disposing a plurality of parallel windings on the primary and a second plurality of parallel windings on the secondary and through a current sensor in such a way that the fluxes due to the transformer primary current and the secondary current cancel;
providing a signal proportional to the magnetizing current as the output of the current sensor;
determining a positive peak value of the magnetizing current during a half-cycle in which the output voltage transitions from a positive maximum to a negative maximum;
storing the positive peak value;
determining a second positive peak value of the magnetizing current during a second half-cycle in which the output voltage transitions from the positive maximum to the negative maximum;
determining an onset of core saturation in a positive direction based on the positive peak value of the magnetizing current and the second positive peak value of the magnetizing current;
determining a negative peak value of the magnetizing current during a half-cycle in which the output voltage transitions from the negative maximum to the positive maximum;
storing the negative peak value;
determining a second negative peak value of the magnetizing current during a second half-cycle in which the output voltage transitions from the negative maximum to the positive maximum;
determining an onset of core saturation in a negative direction based on the negative peak value of the magnetizing current and the second negative peak value of the magnetizing current;
determining a control action based on the onset of core saturation; and
implementing the control action to control the magnetizing current in the transformer.
Description
FIELD OF THE INVENTION

The present invention relates in general to transformers and, more particularly, to the control of magnetizing current in inverter-fed transformers.

BACKGROUND OF THE INVENTION

Switch-mode converters employing pulse width modulation (PWM) are widely used for dc-dc and dc-ac applications. This type of converter can be used in a dc-ac inverter configuration to produce a power-frequency sinusoidal voltage that is applied to an output transformer. Because the inverter may produce an unwanted small direct voltage across the transformer in addition to the power-frequency sinusoid, dc saturation of the transformer core may occur. A technique that might be considered to compensate for this effect is direct measurement of the inverter output voltage with a proportional-integral (PI) controller used to remove the dc component. This technique can remove the dc component of voltage over time, but can leave the transformer with a surplus or deficit of volt-seconds, resulting in persistent dc current. For this reason, prevention of dc saturation is conventionally accomplished by measurement of the transformer primary current, from which the dc component is extracted by analog and/or digital filtering techniques. Measurement of the transformer primary current is conventionally accomplished by insertion of a low-ohmic sense resistor in series with the transformer primary, or by routing the transformer primary through a dc measurement transducer, which may be a Hall effect or other device.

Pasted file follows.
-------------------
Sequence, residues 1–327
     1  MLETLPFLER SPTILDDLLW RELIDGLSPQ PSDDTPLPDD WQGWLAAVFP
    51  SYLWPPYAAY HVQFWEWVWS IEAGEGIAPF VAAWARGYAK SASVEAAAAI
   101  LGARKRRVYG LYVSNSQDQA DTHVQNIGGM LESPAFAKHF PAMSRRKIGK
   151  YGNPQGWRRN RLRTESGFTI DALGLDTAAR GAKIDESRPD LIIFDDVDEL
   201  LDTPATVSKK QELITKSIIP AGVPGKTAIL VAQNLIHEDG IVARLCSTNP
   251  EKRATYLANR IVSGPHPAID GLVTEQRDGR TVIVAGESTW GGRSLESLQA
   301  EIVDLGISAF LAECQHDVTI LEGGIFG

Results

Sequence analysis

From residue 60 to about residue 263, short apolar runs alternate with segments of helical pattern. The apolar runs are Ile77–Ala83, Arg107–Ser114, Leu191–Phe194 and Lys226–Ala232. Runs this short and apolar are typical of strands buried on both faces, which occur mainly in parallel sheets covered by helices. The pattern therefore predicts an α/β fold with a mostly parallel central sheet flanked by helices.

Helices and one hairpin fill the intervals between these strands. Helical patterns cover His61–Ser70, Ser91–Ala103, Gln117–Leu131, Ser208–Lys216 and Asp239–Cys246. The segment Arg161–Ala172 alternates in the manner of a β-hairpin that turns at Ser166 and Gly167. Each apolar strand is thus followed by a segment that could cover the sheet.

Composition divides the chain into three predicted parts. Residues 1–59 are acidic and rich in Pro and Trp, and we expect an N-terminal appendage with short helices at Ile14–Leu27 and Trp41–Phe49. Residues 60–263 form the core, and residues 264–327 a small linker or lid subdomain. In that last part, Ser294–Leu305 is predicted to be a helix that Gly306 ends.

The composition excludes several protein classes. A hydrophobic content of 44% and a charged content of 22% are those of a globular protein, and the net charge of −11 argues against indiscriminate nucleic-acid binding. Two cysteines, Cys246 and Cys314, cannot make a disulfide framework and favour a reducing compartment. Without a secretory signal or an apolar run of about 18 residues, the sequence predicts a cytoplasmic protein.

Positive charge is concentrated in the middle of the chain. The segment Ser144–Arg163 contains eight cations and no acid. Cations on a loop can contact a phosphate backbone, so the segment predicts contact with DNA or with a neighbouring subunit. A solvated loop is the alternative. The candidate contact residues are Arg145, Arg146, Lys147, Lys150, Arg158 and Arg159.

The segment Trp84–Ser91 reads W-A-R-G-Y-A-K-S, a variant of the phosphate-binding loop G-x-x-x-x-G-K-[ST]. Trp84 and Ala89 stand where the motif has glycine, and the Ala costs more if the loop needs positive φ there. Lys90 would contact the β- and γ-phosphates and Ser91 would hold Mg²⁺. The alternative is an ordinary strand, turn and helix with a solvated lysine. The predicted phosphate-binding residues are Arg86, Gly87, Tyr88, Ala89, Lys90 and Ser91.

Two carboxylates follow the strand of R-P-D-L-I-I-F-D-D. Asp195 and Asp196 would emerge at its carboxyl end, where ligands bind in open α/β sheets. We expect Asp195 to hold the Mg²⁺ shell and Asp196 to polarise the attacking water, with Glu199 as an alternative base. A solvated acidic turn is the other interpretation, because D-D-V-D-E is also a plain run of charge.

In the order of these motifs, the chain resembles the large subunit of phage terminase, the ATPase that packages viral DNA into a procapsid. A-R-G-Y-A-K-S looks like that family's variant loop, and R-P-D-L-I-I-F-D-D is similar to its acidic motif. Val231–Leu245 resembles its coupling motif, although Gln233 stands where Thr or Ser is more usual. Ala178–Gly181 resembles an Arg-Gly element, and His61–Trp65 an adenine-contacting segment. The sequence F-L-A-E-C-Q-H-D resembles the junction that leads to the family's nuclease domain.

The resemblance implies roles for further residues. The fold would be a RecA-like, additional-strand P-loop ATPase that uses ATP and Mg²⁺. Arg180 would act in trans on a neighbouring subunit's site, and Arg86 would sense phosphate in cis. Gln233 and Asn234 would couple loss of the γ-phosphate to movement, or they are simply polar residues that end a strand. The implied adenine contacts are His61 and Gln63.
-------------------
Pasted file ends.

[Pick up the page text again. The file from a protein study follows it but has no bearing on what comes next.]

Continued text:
The conventional techniques have several drawbacks. A first drawback is the excessive rating requirement for the current measuring device in that the device must be rated for the full primary current. Another drawback is the slow response times that are the result of filtering time delays. In other words, analog filtering to extract the dc component from a power frequency component (e.g., 60 Hz) must necessarily employ large time constants. Digital (rolling average) filtering can improve this, provided that arrangements are made to ensure that the filtering algorithm is phase-locked to the power-frequency output voltage. Yet another drawback is the sensitivity to dc drift in the measuring electronics. Any technique that attempts to measure the dc component of the transformer primary current introduces the difficulty of distinguishing between real dc current and dc drift in the electronics due to temperature and/or other effects. For this reason, the conventional techniques may use a sense resistor in series with the transformer primary. Use of a sense resistor eliminates the dc drift that is a characteristic of Hall effect devices, but the sense resistor introduces additional losses into the circuit. For high-current applications, the losses introduced by the sense resistor can become prohibitive. Furthermore, this technique does not eliminate other sources of dc drift in the analog electronics used to amplify the current signal.

Thus, there is a need to control the magnetizing current and compensate for dc saturation of the transformer core with faster response time, low losses, and with immunity to dc drift in the measuring electronics.

SUMMARY OF THE INVENTION